African Education in Colonial Zimbabwe, Zambia and Malawi

ab 30,90 

Sybille Küster

Government Control, Settler Antagonism and African Agency, 1890-1964

ISBN 978-3-8258-3970-2
Band-Nr. 23
Jahr 1999
Seiten 384
Bindung broschiert
Reihe Studien zur Afrikanischen Geschichte

Artikelnummer: 978-3-8258-3970-2 Kategorien: ,


In a critical evaluation of prevailing theoretical
approaches to the history of colonial education, this study
explores the development of African schooling in colonial
Zimbabwe, Zambia and Malawi. Educational expansion, and the
provision of academically-oriented forms of instruction are
seen to reflect the selective acceptance and active pursuit
of formal education on the part of the African population,
and not resulting from imperial schemes of modernization,
social engineering, economic exploitation or cultural
domination. Due to the political strength of the European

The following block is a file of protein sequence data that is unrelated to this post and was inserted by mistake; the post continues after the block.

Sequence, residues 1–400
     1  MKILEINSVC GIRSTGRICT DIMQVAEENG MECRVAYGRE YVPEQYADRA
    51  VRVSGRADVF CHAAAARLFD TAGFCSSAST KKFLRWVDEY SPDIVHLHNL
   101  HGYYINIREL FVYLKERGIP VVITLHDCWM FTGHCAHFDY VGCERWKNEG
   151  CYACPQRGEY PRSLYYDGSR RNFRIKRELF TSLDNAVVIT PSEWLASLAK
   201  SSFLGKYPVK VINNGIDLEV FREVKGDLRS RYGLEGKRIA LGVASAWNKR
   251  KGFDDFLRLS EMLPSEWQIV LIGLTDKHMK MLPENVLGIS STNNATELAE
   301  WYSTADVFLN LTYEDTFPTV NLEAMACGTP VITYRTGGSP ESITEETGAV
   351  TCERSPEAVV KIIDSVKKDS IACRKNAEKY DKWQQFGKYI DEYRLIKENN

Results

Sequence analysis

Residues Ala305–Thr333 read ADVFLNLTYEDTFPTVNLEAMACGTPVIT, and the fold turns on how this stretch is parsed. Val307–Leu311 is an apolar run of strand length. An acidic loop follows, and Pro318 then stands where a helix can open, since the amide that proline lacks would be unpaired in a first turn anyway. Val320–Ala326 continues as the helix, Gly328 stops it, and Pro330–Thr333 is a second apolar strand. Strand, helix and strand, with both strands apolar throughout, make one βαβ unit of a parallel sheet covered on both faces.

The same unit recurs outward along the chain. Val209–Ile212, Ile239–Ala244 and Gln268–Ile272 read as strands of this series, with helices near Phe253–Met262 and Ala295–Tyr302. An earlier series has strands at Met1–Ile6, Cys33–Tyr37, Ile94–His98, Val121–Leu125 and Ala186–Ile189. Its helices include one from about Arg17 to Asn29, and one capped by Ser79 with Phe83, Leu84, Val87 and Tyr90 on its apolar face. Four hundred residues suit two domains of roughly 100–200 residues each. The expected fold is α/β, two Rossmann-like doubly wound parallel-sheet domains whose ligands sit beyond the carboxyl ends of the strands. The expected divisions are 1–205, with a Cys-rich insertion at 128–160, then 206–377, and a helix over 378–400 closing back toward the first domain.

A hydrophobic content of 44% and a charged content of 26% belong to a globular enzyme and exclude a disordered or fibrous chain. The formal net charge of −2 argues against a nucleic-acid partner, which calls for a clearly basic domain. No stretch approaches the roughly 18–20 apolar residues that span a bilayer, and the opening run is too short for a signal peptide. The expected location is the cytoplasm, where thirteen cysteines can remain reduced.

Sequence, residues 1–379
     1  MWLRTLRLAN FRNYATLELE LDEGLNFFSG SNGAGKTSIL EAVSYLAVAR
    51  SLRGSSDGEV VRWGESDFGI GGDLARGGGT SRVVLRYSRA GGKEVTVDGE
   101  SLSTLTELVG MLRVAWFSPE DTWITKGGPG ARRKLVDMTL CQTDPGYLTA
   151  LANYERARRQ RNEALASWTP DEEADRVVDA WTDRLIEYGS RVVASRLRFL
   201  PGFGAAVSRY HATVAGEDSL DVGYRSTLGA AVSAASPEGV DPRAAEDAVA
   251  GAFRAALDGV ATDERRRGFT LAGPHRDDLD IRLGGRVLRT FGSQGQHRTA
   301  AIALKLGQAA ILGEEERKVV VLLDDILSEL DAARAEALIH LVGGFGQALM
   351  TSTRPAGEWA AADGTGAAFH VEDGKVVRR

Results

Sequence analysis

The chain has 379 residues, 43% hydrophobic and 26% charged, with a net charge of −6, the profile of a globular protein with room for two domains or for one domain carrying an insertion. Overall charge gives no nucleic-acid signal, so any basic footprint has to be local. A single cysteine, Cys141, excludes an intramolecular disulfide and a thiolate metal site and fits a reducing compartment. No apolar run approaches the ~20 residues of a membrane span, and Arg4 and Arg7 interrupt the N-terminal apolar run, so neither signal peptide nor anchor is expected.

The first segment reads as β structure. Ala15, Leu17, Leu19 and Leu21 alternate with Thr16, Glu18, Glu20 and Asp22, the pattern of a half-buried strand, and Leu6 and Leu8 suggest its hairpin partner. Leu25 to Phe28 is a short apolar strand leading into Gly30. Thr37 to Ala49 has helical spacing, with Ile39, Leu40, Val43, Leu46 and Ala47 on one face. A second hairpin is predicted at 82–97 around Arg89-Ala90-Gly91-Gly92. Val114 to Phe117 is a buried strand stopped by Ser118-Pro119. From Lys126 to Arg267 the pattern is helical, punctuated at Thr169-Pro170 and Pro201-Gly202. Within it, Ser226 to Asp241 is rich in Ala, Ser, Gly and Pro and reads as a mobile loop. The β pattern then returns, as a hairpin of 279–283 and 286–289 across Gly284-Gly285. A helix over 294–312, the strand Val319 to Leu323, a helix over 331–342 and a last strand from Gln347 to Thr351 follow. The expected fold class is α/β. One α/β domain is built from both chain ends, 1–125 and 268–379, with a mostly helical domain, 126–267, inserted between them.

settler communities and the regional economy’s demand for
mainly cheap, unskilled farm and mine labor, the overall
trend of government educational policies was to inhibit and
control the expansion of African schooling. In the context
of rural decline and restrictive state policies, which
severely limited African chances for advancement in the
industrial and agricultural spheres, African men and women
came to perceive a literary-oriented kind of education as
the key to gaining remunerable employment, enhancing upward
social mobility, and circumventing the patriarchal control
of chiefs and elders. African efforts to expand the network
of schools, to gain access to higher levels of instruction,
and to shape the contents of education in accordance with
their interests mitigated the confines of official
segregationist policies and thus came to make a crucial
contribution to the dynamics of educational development in
all three of the territories.